For some reason, I didn’t hop on the ‘Millennium Series’ bandwagon when the first of the three novels – The Girl with the Dragon Tattoo – hit North American bookstores in 2009-2010. I think a part of me thought it was another Twilight fad, which was something I had no desire to be a part of.
It wasn’t until I read about the release of the American version of the film that I became intrigued. If a series of novels is popular enough to be published posthumously, turned into three Swedish films and further turned into an American adaptation, it must contain a good plot line.
I purchased The Girl with the Dragon Tattoo a week before Christmas last year, and finished it in two days. The Girl Who Played with Fire and The Girl Who Kicked the Hornet’s Nest quickly followed, and by the beginning of the New Year I’d read the entire trilogy. As a whole, the novels were engaging, well written, interesting and at times, spooky. Finally, I understood what all the fuss has been about.
There are two main characters in the series. The first – and most important, in my opinion – is skinny, mid-twenties, asocial computer hacker Lisbeth Salander. She has a troubled past and is deemed to be mentally unable to care for herself. However, the diagnosis passed down by the court does nothing to curb Salander’s photographic memory and love of mathematics.
The second character is journalist Michael Blomkvist. He is a womanizer in his forties who crosses paths with Salander unexpectedly in the first novel. After their initial interaction, the pair is hopelessly connected throughout the rest of the series. I believe the author modeled the character Blomkvist after himself (with a bit of wishful thinking when it comes to the many women he has relationships with throughout the trilogy).
One of the original covers for The Girl with the Dragon Tattoo…
Swedish investigative journalist Stieg Larsson wrote the ‘Millennium Series’ as a personal project. When he came home in the evenings from his stressful job documenting and exposing corrupt Swedish organizations, he would work on the manuscripts as a way to kick back and relax. Larsson apparently submitted the series to publishers once, but was rejected. After he died suddenly in 2004, the novels were discovered and published posthumously.
The content of the ‘Millennium Series’ is quite eerie. Some of the recurring themes include violence against women, men who hate women, mental instability and murder. Larsson witnessed and wrote about countless violent and disturbing events throughout his career as a journalist, and he included fictionalized accounts of many of his real-life experiences throughout the series.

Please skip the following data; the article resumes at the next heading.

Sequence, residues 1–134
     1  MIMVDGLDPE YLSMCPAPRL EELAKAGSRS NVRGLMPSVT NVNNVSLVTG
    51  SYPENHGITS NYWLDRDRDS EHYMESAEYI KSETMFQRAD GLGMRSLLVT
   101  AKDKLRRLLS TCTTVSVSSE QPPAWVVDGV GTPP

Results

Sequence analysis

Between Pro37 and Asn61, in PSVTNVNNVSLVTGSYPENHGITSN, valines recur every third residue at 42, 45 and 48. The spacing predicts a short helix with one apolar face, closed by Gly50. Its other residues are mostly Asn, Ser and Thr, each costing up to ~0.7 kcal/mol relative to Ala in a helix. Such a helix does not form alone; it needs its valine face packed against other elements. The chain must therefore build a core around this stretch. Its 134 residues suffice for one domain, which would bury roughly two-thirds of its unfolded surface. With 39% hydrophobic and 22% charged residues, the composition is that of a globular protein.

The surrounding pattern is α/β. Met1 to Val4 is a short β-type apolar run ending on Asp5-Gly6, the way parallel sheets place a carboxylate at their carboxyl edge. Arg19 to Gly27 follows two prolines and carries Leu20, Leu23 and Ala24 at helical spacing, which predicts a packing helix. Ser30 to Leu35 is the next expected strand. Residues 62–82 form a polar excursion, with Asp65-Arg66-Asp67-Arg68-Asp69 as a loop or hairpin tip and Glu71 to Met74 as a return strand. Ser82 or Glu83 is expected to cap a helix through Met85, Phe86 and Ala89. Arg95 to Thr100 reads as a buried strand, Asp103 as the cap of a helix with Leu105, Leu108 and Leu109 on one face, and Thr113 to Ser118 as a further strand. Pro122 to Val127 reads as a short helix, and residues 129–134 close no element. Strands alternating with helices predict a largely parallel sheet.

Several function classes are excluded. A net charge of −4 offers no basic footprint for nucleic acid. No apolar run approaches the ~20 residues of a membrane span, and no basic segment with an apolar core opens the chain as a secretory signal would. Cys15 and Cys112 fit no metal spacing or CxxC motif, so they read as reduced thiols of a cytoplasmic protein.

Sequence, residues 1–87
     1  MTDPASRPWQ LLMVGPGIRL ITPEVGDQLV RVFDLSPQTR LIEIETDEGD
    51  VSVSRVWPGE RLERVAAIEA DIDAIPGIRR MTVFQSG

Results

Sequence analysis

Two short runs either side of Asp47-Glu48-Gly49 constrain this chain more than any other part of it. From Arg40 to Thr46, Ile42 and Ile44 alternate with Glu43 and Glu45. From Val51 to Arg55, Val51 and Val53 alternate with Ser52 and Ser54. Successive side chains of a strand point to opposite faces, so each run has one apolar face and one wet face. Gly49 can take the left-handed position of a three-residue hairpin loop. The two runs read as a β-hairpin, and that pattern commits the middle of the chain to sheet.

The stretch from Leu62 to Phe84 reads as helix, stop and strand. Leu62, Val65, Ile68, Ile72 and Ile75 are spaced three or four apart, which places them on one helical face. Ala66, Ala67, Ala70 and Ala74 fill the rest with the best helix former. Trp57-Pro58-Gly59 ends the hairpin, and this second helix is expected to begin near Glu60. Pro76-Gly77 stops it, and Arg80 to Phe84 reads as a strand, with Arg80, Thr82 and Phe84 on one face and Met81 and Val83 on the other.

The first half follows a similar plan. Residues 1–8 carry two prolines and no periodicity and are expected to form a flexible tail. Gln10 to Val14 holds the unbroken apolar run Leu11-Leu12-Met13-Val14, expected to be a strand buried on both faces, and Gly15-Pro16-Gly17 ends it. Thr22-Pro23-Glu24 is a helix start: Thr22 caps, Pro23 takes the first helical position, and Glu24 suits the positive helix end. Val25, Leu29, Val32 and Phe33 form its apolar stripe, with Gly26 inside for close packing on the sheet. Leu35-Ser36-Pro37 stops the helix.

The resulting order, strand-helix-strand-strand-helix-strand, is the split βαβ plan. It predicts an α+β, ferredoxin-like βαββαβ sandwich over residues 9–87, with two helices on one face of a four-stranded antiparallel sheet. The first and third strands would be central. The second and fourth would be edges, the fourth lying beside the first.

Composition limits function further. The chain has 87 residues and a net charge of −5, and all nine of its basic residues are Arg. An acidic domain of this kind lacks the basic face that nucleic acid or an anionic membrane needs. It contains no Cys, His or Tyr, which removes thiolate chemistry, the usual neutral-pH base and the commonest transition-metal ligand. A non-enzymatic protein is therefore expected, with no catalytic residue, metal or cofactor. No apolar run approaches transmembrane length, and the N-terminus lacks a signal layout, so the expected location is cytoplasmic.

Larsson’s long time partner – Eva Gabrielsson – is currently in possession of Larsson’s computer which contains a partially-completed, fourth Millennium novel. There are also rumours that the computer contains synopsis or manuscripts for a fifth and sixth novel. Gabrielsson has stated that she is capable of completing the fourth novel, and I’m interested to see if she will actually do it.
There is currently a legal struggle over Larsson’s work, and this is making it difficult to move forward. Larsson and Gabrielsson never officially married, even though they lived together for many, many years. According to Swedish law, any married couple must publicly declare their address, making it available to anyone who is interested enough to look it up. Larsson was concerned the people he was investigating might track down Gabrielsson and hurt her to get back at him, so they decided not to marry to keep their address private.
Unfortunately, a partner is not technically a spouse in Sweden, meaning that when Larsson died she was entitled to nothing – not even his computer that she currently is in possession of. All of Larsson’s estate is to go to his father and brother, who are his next of kin. At the time of his death – and for many years prior – Larsson was estranged from both men. Gabrielsson is fighting the legal battle of her life to get both Larsson’s money and the rights to his novels and other literary work.
It’s a crazy end to an already amazing story, and I really hope she wins. I would love to know what happens to Lisbeth and Michael next…